Artists Marina Abramović and Anish Kapoor have both created artworks for virtual reality
Celebrated performance artist Marina Abramović has created a virtual-reality experience that features melting polar ice caps and an avatar of the artist drowning in a glass tank. It is, in her words, a video game.
The piece, titled Rising, has been created alongside another by the acclaimed artist Anish Kapoor, in which the viewer plummets through a windy glade into gory simulacra of the human body. Both artworks, made in collaboration with Acute Art and HTC Vive, will be presented at Art Basel in Hong Kong later this month.
At a private event at the Royal Academy of Art in London, I was able to try the pieces, as well as listen to the artists discuss their work and thoughts on VR as a medium for visual art.
“I really wanted to make a video game,” said Abramović. “[It's] very different from Anish's work. Anish really made a work of art, and I think I made a video game, which is different. Maybe the game is about raising consciousness. Rising, in this, may have two meanings: rising water and rising consciousness [about the issues of global warming].”
In Rising the user is presented with a virtual warehouse and a glass tank filling with water. Inside the tank is an avatar of Abramović. As the artist speaks, you are whisked to the polar ice caps, crumbling in the distance. When you return to the warehouse, you are asked to make a pact with Abramović, to save the environment. Depending on what you choose, the avatar will either be saved or drown.
“The first video game I played in my life, a long time ago, you play a fire worker and you're standing in front of an orphanage that is burning with children inside,” Abramović recalled, perhaps remembering the 1984 DOS game, Bouncing Babies. “You're saving the children. I remember an incredible choice, saving 20 babies in my hands, doing something so important; something that makes you feel you can do something when a building is burning.
“There was this feeling when I approached [Rising]: How can I do something which approaches children specifically, because they're the ones who play video games. How to raise consciousness in children about the planet?”
“Three-dimensional limbo spaces”
Kapoor's piece, titled Into Yourself, Fall, also deals with virtual bodies, but from a very different perspective. The participant finds themselves in a wood, the wind begins to blow, and the earth opens up as they plummet into a fleshy pit. The artist explained that the inspiration initially came when he tried a VR demo that asked him to walk across a virtual platform, hundreds of feet up in the air. Even though he knew he was standing with feet on the ground, his body was still fooled into feeling terrified of falling.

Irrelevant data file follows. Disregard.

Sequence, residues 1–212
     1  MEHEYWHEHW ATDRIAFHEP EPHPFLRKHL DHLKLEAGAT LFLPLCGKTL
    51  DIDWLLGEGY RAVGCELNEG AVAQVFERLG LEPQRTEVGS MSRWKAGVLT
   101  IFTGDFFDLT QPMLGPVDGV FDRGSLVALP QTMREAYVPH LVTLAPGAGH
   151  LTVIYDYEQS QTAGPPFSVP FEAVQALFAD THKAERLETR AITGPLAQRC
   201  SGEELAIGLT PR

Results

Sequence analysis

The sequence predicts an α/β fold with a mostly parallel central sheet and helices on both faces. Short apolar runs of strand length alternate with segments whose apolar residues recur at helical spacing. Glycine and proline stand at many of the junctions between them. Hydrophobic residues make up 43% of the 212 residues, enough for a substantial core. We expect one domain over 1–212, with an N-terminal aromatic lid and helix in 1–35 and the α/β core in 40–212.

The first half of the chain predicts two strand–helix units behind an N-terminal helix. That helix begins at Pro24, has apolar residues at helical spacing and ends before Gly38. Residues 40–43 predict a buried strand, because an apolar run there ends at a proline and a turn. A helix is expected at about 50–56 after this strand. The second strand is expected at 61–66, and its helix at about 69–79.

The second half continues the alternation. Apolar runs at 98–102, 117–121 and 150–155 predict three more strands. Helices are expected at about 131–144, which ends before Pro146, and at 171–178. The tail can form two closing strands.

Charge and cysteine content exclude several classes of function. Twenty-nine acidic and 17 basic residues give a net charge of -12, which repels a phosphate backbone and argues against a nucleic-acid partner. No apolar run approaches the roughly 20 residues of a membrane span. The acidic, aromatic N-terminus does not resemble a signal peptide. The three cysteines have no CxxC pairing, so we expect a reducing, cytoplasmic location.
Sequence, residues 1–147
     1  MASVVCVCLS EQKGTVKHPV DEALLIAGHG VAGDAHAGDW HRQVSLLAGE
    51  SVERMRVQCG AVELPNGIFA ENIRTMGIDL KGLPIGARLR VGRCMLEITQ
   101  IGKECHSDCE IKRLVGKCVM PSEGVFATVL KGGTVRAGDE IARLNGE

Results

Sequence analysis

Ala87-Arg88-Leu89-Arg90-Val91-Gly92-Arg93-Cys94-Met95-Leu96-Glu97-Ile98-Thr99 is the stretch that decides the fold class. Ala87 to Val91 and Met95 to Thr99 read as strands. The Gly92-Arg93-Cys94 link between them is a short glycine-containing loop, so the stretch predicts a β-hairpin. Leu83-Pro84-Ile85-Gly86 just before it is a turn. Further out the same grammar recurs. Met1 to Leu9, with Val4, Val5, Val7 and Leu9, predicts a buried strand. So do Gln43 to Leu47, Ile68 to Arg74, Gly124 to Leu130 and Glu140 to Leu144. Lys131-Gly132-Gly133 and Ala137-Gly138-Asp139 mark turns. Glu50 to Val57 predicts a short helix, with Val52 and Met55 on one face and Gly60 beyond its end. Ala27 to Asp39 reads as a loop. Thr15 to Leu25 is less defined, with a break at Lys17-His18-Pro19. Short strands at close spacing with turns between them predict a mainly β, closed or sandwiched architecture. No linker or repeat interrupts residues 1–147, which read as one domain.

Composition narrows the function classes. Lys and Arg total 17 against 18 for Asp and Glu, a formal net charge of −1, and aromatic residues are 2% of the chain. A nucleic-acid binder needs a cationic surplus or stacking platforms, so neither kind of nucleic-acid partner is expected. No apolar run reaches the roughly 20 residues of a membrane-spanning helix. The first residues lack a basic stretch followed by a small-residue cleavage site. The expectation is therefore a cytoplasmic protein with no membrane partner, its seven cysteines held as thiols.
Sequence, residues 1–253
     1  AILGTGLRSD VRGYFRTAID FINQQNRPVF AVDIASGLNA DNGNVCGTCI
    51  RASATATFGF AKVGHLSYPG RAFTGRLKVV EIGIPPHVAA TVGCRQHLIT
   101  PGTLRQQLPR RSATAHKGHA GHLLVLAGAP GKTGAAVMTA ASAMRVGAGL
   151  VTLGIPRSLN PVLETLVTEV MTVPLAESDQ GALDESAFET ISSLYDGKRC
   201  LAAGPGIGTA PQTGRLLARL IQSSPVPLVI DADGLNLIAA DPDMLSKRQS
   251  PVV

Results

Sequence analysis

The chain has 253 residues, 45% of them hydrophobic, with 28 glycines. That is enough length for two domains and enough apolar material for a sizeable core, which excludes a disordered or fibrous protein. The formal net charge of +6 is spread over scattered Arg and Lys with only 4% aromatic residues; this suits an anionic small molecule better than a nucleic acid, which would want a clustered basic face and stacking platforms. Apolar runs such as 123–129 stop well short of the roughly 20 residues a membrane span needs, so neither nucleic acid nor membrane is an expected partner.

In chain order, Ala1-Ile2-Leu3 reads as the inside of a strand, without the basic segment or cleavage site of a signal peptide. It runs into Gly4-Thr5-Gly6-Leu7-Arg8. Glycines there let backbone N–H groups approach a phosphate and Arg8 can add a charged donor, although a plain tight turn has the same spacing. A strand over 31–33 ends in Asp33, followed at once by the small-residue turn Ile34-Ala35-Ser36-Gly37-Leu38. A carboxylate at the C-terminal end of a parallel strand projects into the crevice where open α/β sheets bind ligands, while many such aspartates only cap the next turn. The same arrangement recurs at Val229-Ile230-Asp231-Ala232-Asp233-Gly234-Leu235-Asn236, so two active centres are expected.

“Vertigo is a thing that this medium does like no other,” Kapoor said. “It's visceral and fully present as an actual bodily experience. I'm a sculptor. I make objects, and I'm interested in that body thing; bodily interiority. So, it seems obvious, but with vertigo you fall into yourself, fall inwards.”
(Into Yourself, Fall. Credit: Anish Kapoor/Acute Art)
A number of Kapoor's previous artworks were mentioned during the discussion, including Descent into Limbo (1922), which is built from a physical hole in the ground. Other works like Descension (2015) similarly call on the sensation of standing next to a void. In working with VR, Kapoor said there is an opportunity to play with a sense of physically that is affective but illusory: “VR is quite good at ethereal, three-dimensional limbo spaces. I'm interested in that limbo condition.”
Legacy and violence
Both pieces are described by their artists as works in progress. There's a clear admittance from Abramović and Kapoor that they are testing out the potential for virtual reality, not necessarily perfecting its use in art. Having tried both, this is definitely the case. Abramović's work in particular misfires some of the points it's trying to make. Seeing a virtual version of the ice caps melting is fun, not shocking, and there's little sense of cause and effect from drowning the artist's avatar.
Indeed, during their discussion, Kapoor admitted that when he experienced Abramović's Rising, he was tempted to make the avatar drown: “I'm naughty. I wanted to turn global warming up. That's the weird thing about video games, you enter a wilful relationship with the object.”
Given the centrality in Abramović's work of her own body and persona, replacing the artist with a virtual copy does raise questions about how virtual reality could extend the 'presence' of an artist's body, even after they have died. Compared to 2010's The Artist is Present, however, where Abramović silently locked eyes with thousands of strangers, a digital avatar in a virtual tank is a pale comparison.
(Rising. Credit: Marina Abramović/Acute Art)
For Kapoor, he is interested in experimenting further with VR, particularly in how violence is manifest in virtual interactions: “Is it possible to not just speak about violence but actually make it in VR? I wonder if there are real active agencies in this medium. Why not?”
Rising and Into Yourself, Fall are notable cases of high-profile artists dabbling with virtual reality, but Abramović acknowledged that the medium has not yet been home to something truly essential. Ultimately, she compared current VR art to the early days of video art, before the work of Korean artist Nam June Paik in the 1970s and 80s:
“How we as artists are trying to use this technology reminds me so much of the early stage of video art. When video art started, no one knew what we were going to do with this medium. It was mostly used in very stupid ways. Nothing really interesting was being made until Nam June Paik came along. He took the medium and really deconstructed it.
“What we both have is too much respect for the medium, and this is our boundary. You have to trash it to create something different.”